Whether microcredit alleviates poverty or not is a hot topic. And although this undoubtedly is a very important question, other potential consequences of microfinance should not be overlooked. One example is found among the results from a recent field experiment led by researchers of J-PAL (the Abdul Latif Jameel Poverty Action Lab) where it is suggested that access to credit can increase social capital among the borrowers.
Social capital, according to political scientist Robert Putnam, is the collective value of social networks. In the standard microfinance model, which in large part was developed by the Grameen Bank of Bangladesh, a key component is that borrowers form groups of five people and meet on a regular basis. These constellations are intended to put social pressure on borrowers to repay their debt on time. Most research has hitherto focused on whether the meetings with other group members increase the probability of timely repayments. The J-PAL researchers now take the issue in a different direction by instead asking whether these formal meetings lead to the creation of new relationships among borrowers living in urban communities.
In the study, member of 174 different microfinance groups in urban India were interviewed. To see what impact group meetings may have on formation of social capital, the researchers randomly assigned the groups to a different meeting frequency where some borrowers would see each other on a weekly basis whereas others did so only on a monthly basis. Social capital was measured based on how many interactions of both professional and personal nature that the group members had with each other as a result of the meetings.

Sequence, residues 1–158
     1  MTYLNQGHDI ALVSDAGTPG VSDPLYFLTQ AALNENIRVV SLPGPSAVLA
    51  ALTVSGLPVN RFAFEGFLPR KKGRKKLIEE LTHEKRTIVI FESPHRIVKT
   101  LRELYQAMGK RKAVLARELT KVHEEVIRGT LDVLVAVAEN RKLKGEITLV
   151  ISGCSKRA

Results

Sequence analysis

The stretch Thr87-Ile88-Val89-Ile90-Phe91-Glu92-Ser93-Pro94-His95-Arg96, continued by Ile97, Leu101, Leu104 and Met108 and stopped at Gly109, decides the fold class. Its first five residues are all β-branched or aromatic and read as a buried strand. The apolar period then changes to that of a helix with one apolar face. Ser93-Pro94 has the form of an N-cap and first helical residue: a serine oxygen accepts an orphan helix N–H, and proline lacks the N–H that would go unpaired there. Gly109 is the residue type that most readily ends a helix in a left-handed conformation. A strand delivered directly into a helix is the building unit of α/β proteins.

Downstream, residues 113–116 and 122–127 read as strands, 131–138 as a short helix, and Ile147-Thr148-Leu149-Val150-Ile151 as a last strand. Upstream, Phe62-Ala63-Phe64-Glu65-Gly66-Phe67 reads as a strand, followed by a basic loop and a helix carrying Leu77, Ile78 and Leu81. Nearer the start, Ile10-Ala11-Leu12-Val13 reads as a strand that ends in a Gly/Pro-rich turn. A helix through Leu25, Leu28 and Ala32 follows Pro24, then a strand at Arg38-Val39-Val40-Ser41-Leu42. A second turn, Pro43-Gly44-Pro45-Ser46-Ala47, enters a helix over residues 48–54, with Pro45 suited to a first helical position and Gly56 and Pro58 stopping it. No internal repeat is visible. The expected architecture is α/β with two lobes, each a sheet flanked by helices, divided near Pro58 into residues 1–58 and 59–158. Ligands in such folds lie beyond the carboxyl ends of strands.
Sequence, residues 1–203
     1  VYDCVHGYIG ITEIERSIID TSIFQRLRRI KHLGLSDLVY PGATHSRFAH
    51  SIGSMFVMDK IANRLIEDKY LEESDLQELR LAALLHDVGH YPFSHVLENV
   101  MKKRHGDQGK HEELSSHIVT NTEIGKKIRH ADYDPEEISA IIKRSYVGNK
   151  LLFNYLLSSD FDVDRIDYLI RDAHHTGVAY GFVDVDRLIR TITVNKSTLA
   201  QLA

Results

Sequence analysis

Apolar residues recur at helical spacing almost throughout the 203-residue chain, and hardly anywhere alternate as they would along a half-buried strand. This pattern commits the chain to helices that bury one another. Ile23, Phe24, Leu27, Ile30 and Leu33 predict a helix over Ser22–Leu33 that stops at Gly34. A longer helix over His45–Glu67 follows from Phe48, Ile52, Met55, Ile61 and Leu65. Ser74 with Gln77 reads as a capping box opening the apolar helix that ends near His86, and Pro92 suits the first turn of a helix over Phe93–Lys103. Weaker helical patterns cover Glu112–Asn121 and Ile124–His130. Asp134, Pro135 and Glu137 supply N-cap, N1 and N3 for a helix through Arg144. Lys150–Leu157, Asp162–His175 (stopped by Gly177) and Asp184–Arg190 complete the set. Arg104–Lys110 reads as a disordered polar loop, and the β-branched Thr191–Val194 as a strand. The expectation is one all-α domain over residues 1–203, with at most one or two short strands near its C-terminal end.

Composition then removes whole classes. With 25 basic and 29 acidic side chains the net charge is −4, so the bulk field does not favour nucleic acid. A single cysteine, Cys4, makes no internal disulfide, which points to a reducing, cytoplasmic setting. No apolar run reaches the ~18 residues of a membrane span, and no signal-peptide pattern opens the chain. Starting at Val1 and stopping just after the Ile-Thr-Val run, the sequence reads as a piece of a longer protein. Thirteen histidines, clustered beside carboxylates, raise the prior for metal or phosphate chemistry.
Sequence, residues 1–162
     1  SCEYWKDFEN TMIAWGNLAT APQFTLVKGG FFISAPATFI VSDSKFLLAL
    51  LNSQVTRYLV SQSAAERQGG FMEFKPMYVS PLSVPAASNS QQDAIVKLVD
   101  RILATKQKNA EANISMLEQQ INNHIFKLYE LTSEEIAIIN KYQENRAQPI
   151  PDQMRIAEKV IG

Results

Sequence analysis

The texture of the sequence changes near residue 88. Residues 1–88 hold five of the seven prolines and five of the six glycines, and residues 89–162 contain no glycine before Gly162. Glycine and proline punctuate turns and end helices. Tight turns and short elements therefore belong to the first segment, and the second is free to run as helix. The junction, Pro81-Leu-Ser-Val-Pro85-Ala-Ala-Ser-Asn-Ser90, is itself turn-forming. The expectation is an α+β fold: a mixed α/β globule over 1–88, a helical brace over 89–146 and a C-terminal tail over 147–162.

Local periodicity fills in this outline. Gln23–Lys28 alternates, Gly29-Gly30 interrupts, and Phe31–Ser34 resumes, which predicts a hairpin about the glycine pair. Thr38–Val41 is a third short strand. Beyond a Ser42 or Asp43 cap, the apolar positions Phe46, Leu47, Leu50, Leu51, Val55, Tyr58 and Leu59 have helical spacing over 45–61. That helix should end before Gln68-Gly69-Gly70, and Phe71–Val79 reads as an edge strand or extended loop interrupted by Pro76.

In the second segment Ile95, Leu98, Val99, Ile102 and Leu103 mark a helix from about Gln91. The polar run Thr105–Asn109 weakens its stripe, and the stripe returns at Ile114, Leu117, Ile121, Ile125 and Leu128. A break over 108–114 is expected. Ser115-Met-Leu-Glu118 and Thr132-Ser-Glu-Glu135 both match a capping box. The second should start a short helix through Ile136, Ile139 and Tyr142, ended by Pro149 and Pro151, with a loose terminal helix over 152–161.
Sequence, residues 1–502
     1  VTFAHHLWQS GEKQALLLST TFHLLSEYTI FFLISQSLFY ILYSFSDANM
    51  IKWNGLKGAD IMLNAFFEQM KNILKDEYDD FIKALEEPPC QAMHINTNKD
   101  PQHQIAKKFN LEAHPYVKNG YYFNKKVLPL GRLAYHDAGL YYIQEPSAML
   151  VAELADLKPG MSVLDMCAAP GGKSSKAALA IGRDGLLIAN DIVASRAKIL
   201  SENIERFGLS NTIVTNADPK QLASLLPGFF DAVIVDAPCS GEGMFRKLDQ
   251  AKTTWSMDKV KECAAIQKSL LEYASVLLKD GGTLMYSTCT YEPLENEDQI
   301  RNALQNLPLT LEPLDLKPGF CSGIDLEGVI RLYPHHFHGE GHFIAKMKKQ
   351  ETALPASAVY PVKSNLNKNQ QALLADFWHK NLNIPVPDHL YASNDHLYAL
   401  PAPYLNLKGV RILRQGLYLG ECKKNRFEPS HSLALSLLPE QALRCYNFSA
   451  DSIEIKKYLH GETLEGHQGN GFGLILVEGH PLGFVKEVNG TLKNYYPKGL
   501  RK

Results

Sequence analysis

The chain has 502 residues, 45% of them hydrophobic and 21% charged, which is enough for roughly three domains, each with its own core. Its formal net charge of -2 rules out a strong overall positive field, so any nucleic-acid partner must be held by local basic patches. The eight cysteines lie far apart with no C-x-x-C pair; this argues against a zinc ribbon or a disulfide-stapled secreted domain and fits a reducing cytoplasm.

The results showed that those who met weekly were far more likely to form long-lasting relationships with other group members compared to those who were required to meet only monthly. The economic value of a larger social network may at the onset seem negligble. But these social-capital gains resulted in an increasing willingness to share risks with other group members, which the authors reckon would lead to significant economic returns in the long run.
Increased pooling of risks to make joint investments could certainly give entrepreneurship and innovation a boost. To what extent these social-capital gains could eradicate poverty, however, is unclear since the authors do not provide any estimates of the effect of social capital on income or economic growth.
Social-capital gains may not be how microcredit advocates would normally envision to help the poor, but they may still be pretty useful.